1. if ( ! file_exists(/usr/local/cpanel/deny.autossl.htacces.modifcations))
  2. {
  3. // Your code here
  4. }

This mustn't be that long or complicated to do ?

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2

Benny, let me add a suggestion for a quick fix in the meantime: just add a comment after the modified .htaccess entries so customers know it's been automatically modified. "# added by cPanel AutoSSL" or something to that effect.

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1

Maybe i'm missing something here but there is no need to edit .htaccess files at all:

We've added the following in the pre_main_2.conf in apache 2.4:

  1. <LocationMatch ".*\/\.">
  2. Require all denied
  3. Redirect 404
  4. </LocationMatch>
  5. <LocationMatch "^\.well-known|\/\.well-known">
  6. Require all granted
  7. </LocationMatch>
  8. <FilesMatch "^\.">
  9. Require all denied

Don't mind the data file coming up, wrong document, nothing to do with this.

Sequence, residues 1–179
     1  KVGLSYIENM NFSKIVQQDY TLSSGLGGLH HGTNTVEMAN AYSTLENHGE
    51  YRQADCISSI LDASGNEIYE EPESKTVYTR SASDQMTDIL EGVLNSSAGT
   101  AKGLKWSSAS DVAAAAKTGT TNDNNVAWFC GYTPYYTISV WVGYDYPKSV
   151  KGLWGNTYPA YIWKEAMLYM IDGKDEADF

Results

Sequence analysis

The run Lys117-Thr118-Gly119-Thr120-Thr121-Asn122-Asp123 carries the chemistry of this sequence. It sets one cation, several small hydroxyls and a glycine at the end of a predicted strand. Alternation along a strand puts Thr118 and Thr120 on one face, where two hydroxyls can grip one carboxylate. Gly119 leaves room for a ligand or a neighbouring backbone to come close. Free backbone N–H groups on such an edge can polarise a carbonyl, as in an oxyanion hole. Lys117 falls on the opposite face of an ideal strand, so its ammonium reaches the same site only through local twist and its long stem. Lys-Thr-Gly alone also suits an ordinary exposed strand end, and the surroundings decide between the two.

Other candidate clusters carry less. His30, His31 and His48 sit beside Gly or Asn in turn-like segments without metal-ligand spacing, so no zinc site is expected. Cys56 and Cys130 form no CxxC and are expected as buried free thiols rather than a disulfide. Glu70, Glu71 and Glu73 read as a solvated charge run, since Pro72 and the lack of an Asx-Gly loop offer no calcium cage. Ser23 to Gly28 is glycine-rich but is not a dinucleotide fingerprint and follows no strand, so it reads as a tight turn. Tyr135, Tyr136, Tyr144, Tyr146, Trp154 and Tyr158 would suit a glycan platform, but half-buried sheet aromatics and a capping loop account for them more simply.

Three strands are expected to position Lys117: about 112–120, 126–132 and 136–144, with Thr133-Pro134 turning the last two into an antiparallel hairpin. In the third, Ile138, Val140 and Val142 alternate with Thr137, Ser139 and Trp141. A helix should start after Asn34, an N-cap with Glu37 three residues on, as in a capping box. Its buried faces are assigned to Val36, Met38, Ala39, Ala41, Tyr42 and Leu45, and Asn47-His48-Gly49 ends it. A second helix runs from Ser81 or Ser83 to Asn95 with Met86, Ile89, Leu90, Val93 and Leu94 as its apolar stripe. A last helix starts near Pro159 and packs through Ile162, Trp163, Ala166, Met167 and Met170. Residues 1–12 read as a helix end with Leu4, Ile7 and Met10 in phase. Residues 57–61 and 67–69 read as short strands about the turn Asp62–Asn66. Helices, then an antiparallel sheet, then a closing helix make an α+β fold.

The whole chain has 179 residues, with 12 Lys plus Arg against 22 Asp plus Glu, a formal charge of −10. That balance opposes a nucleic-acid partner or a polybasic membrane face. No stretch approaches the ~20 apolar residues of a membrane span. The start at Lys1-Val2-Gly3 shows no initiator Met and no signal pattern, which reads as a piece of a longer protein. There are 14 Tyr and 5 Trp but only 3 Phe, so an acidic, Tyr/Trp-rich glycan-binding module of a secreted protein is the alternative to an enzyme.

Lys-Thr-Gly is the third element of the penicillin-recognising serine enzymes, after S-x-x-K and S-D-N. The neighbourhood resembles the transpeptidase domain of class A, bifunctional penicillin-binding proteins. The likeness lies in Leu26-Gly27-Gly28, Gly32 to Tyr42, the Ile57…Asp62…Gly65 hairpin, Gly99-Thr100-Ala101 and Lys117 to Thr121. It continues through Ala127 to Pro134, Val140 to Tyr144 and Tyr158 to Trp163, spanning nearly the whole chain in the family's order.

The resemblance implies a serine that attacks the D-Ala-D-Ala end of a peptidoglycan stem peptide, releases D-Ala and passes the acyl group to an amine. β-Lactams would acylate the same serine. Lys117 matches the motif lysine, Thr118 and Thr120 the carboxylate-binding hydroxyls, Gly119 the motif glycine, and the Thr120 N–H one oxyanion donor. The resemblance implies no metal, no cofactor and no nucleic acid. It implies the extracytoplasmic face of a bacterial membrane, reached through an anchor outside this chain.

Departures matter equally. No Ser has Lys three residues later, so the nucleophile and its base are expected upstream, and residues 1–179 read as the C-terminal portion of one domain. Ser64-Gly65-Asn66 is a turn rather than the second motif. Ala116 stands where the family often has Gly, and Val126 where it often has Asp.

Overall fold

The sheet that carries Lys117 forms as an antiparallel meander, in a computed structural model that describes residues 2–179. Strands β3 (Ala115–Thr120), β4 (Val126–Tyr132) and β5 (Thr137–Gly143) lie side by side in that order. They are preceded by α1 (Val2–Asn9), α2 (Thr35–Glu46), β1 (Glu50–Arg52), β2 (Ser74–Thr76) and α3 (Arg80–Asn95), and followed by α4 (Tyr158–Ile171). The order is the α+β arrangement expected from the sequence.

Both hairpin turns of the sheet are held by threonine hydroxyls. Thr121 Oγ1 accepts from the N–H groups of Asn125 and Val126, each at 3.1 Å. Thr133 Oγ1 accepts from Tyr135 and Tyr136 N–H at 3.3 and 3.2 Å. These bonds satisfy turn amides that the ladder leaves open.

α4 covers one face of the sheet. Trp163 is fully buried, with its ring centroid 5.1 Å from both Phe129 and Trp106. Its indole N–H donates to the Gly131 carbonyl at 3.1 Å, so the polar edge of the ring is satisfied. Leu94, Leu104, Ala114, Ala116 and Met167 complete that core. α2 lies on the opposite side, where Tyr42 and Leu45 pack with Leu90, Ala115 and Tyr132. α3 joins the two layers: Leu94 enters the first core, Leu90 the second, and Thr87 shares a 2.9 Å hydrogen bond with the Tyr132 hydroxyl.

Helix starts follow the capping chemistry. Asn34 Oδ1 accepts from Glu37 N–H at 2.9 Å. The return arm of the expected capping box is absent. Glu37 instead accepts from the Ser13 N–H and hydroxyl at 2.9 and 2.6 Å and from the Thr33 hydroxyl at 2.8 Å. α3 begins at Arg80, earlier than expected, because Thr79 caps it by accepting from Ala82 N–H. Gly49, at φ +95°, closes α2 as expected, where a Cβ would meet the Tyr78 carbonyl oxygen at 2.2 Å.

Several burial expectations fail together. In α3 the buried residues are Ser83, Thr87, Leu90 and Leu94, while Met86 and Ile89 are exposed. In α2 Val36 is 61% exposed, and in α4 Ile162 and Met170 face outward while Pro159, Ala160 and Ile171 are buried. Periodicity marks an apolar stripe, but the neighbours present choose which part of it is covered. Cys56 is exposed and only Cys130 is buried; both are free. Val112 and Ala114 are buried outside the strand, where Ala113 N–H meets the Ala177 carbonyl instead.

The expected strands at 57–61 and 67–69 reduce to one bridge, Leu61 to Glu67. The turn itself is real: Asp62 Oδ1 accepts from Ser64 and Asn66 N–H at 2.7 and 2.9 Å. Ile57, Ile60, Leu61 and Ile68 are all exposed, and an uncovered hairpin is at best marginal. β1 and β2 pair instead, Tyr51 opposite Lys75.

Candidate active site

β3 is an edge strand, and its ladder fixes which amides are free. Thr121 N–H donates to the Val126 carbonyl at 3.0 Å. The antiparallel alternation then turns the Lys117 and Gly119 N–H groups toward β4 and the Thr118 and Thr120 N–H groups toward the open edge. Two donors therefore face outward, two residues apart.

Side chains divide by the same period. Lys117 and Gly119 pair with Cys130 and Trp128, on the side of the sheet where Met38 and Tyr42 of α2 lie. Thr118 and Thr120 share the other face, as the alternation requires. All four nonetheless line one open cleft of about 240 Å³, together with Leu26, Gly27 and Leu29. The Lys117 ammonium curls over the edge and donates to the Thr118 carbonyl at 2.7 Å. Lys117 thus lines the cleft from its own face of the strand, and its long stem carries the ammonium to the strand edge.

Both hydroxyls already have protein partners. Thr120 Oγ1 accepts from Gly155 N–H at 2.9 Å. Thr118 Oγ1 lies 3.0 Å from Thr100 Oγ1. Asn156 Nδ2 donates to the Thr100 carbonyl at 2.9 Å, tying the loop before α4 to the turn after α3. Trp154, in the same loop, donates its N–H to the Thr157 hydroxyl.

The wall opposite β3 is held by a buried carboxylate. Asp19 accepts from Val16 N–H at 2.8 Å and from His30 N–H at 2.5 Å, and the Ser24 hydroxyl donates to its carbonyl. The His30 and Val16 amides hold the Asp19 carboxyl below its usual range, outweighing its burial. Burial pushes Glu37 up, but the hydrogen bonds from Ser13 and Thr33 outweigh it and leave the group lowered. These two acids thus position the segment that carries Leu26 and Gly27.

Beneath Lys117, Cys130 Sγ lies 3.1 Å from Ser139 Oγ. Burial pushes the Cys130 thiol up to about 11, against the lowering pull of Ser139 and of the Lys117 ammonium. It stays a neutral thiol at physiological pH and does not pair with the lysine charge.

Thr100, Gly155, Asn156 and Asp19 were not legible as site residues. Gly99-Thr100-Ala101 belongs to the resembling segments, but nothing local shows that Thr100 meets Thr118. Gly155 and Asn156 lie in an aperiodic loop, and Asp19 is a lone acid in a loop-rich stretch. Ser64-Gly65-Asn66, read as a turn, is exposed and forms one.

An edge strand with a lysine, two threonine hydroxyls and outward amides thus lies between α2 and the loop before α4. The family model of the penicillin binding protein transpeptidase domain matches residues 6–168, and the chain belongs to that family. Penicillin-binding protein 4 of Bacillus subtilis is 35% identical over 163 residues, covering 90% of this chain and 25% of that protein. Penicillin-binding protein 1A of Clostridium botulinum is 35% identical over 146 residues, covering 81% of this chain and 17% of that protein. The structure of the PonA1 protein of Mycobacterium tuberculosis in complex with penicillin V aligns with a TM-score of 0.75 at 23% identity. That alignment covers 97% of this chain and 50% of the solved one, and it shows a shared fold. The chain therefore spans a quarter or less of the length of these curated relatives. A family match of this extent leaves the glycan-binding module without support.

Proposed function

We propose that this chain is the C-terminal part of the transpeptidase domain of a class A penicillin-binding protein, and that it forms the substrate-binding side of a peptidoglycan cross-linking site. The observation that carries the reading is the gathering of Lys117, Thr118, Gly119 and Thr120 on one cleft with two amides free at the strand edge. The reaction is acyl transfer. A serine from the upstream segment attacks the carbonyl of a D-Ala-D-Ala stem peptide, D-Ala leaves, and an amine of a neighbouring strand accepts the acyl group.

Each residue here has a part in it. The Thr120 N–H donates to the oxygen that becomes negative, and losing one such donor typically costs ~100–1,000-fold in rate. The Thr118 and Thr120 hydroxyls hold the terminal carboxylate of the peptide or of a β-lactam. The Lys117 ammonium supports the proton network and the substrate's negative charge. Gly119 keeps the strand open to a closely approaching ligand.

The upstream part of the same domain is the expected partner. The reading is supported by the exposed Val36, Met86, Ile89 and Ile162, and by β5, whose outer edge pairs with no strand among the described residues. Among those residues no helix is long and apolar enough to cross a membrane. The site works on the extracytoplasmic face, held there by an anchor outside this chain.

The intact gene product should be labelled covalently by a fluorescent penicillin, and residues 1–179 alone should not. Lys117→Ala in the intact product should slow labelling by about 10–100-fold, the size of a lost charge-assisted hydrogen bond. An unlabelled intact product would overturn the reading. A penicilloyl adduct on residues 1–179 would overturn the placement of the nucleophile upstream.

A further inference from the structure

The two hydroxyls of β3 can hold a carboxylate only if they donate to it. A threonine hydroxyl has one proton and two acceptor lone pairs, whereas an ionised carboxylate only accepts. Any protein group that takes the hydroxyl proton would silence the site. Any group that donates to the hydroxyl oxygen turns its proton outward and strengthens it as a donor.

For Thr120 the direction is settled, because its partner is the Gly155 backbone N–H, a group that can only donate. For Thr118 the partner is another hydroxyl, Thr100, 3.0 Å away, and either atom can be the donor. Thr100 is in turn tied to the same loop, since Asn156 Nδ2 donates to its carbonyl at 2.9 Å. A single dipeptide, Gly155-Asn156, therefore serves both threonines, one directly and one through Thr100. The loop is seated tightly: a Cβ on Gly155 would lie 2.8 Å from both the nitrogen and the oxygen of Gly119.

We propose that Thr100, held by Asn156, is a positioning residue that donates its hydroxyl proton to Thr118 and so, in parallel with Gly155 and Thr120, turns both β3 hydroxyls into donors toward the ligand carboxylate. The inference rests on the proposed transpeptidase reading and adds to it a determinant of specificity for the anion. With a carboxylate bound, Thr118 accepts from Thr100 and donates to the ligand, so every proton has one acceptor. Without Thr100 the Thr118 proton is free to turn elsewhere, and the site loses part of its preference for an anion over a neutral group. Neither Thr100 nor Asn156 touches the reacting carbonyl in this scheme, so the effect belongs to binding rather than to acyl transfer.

10. Redirect 404
  11. </FilesMatch>
  12. <DirectoryMatch "^\.|\/\.">
  13. Require all denied
  14. Redirect 404
  15. </DirectoryMatch>
  16. <DirectoryMatch "^\.well-known|\/\.well-known">
  17. Require all granted
  18. </DirectoryMatch>

it seems to do the job. (we also block anything else that start with a dot).

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1

Everybody understand that cPANEL should use httconfig includes and catch all calls for AUTOSSL directly there.

WITHOUT ANY NEEDS to create .txt files and update .htaccess of any customers.

THIS REALLY REALLY SIMPLE AND COMPLETLY TRANSPARENTS.

I have already open a ticket about this.